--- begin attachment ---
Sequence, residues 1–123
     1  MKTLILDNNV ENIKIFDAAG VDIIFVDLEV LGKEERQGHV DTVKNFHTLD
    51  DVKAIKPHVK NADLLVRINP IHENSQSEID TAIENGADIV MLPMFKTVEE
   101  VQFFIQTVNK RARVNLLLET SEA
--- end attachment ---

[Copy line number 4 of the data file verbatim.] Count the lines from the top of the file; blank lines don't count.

   101  VQFFIQTVNK RARVNLLLET SEA